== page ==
Criminal penalties

That section goes on to note that “If a notice of intent to seek the death penalty has been files, aggravated murder is a capital felony. If a notice of intent to seek the death penalty has not been filed, aggravated murder is a noncapital first degree felony”. A noncapital first degree felony is punishable by 25 years to life in prison. For more information on crimes against police officers and how they differ from crimes against regular citizens, contact a criminal defense attorney.

Domestic Violence Victim Charged With Felony Child Abuse For Not Protecting Infant

A Utah mother who is a victim of domestic violence was charged with felony child abuse after authorities stated she did not protect her infant from harm.

Abuse of an infant

Photo by: Alyssa L. Miller

21 year old Daniel Mercer and 30 year old Whittney Huber were arrested when a Utah hospital alerted authorities after discovering signs of child abuse on the couple’s three month old baby daughter. The young infant suffered burns on her hand, broken bones, as well as bleeding on the brain. She is currently recovering at Primary Children’s Hospital in Salt Lake City. Mercer was arrested for multiple charges including drug possession, domestic violence, and felony child abuse for causing serious injuries to the infant. Huber was also arrested for felony child abuse for not protecting her daughter from Mercer.

Failure to protect a child

Although some criminal events cannot be foreseen, it is likely that Huber knew her daughter was not safe around Mercer. Prior to the infant’s serious injuries, police were dispatched to the couple’s apartment on calls of domestic violence. Although the baby showed no signs of abuse during those calls, the mother later stated that threats had been made toward the child’s safety. Disregarding officer’s instructions to keep Mercer out of the home, Huber allowed him the re-enter, and thereby permitted the abuse to continue to her as well as her baby.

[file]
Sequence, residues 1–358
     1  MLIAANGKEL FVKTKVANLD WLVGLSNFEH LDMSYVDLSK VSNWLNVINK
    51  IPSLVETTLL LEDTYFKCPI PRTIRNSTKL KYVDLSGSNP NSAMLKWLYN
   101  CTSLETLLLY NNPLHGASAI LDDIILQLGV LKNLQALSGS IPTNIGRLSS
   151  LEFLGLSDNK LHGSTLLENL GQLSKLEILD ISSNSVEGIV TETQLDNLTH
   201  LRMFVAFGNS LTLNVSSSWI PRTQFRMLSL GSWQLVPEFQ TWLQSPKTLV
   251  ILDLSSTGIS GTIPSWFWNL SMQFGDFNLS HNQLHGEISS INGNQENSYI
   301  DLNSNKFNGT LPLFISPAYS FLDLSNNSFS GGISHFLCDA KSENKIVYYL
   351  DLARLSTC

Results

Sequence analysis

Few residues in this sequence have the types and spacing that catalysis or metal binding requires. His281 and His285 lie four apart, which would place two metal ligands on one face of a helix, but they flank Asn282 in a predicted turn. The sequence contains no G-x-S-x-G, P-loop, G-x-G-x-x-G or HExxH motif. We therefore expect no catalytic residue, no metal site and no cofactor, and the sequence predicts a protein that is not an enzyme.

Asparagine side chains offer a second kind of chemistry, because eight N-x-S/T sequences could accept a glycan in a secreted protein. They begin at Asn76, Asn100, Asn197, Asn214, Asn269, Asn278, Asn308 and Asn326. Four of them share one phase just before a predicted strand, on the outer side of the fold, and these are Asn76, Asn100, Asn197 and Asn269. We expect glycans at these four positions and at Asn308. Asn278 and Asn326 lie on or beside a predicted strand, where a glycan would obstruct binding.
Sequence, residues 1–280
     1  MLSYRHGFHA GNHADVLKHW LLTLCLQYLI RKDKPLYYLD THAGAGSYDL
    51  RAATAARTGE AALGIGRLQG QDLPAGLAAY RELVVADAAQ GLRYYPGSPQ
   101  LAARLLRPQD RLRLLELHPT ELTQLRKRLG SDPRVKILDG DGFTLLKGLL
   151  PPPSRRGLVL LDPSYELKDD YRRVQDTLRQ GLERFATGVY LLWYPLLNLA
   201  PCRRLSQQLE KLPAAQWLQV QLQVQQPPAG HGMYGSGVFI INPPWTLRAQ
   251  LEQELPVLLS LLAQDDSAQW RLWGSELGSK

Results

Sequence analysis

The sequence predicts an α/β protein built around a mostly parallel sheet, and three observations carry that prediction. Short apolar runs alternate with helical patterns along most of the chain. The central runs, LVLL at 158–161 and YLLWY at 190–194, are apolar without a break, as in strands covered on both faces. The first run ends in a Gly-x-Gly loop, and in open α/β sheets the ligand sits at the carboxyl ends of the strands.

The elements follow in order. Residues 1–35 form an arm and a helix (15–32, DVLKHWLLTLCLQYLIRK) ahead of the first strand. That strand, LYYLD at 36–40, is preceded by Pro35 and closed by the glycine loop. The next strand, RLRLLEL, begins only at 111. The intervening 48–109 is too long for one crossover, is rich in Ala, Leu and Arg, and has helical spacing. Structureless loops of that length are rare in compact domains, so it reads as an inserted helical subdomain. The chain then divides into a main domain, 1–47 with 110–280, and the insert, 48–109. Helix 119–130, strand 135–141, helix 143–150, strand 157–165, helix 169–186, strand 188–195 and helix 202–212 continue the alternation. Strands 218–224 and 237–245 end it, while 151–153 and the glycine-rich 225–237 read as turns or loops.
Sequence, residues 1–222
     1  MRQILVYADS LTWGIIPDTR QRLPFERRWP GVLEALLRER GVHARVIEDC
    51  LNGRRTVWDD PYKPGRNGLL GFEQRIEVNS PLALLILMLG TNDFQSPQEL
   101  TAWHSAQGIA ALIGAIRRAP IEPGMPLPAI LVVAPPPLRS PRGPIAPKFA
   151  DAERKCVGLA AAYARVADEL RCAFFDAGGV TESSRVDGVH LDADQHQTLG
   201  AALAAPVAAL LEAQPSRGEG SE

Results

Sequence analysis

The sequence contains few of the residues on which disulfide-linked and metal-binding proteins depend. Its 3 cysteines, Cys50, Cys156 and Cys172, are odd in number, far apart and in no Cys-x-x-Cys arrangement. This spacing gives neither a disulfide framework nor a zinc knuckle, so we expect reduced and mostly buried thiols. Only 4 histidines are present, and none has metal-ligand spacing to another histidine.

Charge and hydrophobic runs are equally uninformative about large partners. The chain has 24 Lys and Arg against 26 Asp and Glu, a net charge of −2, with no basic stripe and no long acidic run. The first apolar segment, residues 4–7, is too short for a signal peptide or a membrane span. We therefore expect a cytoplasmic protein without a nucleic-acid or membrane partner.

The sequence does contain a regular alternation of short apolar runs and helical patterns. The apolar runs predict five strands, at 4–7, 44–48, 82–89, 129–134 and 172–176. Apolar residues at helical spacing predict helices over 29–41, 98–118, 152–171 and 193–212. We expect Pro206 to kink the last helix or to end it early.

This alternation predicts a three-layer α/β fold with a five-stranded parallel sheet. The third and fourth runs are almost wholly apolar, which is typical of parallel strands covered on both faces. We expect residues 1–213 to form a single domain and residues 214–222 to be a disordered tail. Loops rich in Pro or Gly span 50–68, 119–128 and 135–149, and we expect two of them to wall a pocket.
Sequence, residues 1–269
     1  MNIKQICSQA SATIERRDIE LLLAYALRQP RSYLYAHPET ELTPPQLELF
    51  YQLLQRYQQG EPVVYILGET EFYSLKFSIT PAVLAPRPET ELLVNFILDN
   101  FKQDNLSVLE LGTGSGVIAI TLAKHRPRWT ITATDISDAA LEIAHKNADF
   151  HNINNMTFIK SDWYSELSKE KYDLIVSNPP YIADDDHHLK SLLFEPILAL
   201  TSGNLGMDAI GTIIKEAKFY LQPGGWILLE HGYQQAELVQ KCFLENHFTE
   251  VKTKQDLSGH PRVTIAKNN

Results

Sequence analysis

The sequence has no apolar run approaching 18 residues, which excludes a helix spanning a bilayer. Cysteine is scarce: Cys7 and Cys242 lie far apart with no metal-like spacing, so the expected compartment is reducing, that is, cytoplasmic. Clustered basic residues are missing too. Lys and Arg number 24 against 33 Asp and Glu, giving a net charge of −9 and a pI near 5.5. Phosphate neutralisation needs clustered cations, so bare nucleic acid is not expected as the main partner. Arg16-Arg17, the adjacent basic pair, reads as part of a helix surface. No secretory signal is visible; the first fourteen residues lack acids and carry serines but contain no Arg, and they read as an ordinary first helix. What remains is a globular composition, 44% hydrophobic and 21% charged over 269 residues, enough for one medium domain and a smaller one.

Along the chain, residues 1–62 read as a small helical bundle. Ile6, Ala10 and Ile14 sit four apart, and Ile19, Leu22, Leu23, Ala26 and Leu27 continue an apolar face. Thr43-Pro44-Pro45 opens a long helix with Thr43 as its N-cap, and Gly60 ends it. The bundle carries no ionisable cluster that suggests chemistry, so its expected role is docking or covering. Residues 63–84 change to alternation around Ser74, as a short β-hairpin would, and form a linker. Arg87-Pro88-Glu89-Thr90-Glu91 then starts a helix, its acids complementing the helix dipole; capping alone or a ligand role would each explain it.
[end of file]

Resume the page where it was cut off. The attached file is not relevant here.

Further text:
Felony child abuse

Authorities indicated that in years past, Huber had been the victim of domestic violence and has already had older children removed from her care. Now the state has been awarded temporary custody of the infant daughter while the mother faces criminal charges. Utah Code 76-5-109 (2) it states “Any person who inflicts upon a child serious physical injury or, having the care or custody of such child, causes or permits another to inflict serious physical injury upon a child is guilty of an offense as follows:

(a) If done intentionally or knowingly, the offense is a felony of the second degree;
(b) If done recklessly, the offense is a felony of the third degree; or
(c) If done with criminal negligence, the offense is a class A misdemeanor.”

Regardless of herself being a victim, Huber was responsible for the child’s safety and by not protecting the baby from abuse, Huber is being charged with permitting the child abuse to occur.

Domestic violence

Photo by: Scary Side of Earth

Sadly many individuals are in situations of domestic violence and even more devastating are the numerous homes in which children are present to witness the abuse. Although not all domestic violence situations put the children in immediate physical harm, the emotional trauma from witnessing violent events can have long-lasting ill effects. According to Utah’s Cohabitant Abuse Procedures Act, many domestic offenses that children could be victims or witnesses to are:

• Aggravated assault;
• Assault;
• Criminal homicide;
• Harassment;
• Electronic communication harassment;
• Kidnapping;
• Mayhem;
• Sexual offenses;
• Stalking;
• Unlawful detention;
• Violation of a protective order;
• Any offense against property;
• Possession of a deadly weapon with criminal intent;
• Discharge of a firearm from a vehicle, near a highway, or in the direction of any person, building, or vehicle;
• Disorderly conduct;
• Child abuse;
• Threatening use of a dangerous weapon;
• Threatening violence;
• Tampering with a witness;
• Retaliation against a witness or victim;
• Unlawful distribution of an intimate image;
• Sexual battery;
• Voyeurism;
• Damage to or interruption of a communication device.

While many of these domestic violence offenses may not appear to directly involve the children in the home, children hear and see more than many realize. With the prevalence of domestic violence, it is imperative that anyone facing such situations reaches out for help for themselves and their children. Anyone needing help from domestic violence is encouraged to call the Utah Domestic Violence Hotline at 1-800-897-LINK or the National Domestic Violence Hotline at 1-800-799-SAFE. Anyone facing charges related to their staying in a domestic violence situation should seek qualified legal counsel.